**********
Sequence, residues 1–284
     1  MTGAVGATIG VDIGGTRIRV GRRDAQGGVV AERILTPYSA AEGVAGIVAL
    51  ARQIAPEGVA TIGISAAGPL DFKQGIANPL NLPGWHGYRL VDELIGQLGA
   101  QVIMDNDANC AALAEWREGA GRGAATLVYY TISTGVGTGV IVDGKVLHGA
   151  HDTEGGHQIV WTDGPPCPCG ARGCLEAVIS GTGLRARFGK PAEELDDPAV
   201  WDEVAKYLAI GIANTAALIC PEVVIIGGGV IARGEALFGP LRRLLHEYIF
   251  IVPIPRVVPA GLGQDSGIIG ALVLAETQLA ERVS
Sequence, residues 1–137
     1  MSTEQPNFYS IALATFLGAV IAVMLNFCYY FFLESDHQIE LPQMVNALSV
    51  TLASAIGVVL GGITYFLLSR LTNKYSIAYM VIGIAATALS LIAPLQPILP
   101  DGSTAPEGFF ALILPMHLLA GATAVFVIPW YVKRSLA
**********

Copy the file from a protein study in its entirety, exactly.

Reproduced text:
Sequence, residues 1–284
     1  MTGAVGATIG VDIGGTRIRV GRRDAQGGVV AERILTPYSA AEGVAGIVAL
    51  ARQIAPEGVA TIGISAAGPL DFKQGIANPL NLPGWHGYRL VDELIGQLGA
   101  QVIMDNDANC AALAEWREGA GRGAATLVYY TISTGVGTGV IVDGKVLHGA
   151  HDTEGGHQIV WTDGPPCPCG ARGCLEAVIS GTGLRARFGK PAEELDDPAV
   201  WDEVAKYLAI GIANTAALIC PEVVIIGGGV IARGEALFGP LRRLLHEYIF
   251  IVPIPRVVPA GLGQDSGIIG ALVLAETQLA ERVS
Sequence, residues 1–137
     1  MSTEQPNFYS IALATFLGAV IAVMLNFCYY FFLESDHQIE LPQMVNALSV
    51  TLASAIGVVL GGITYFLLSR LTNKYSIAYM VIGIAATALS LIAPLQPILP
   101  DGSTAPEGFF ALILPMHLLA GATAVFVIPW YVKRSLA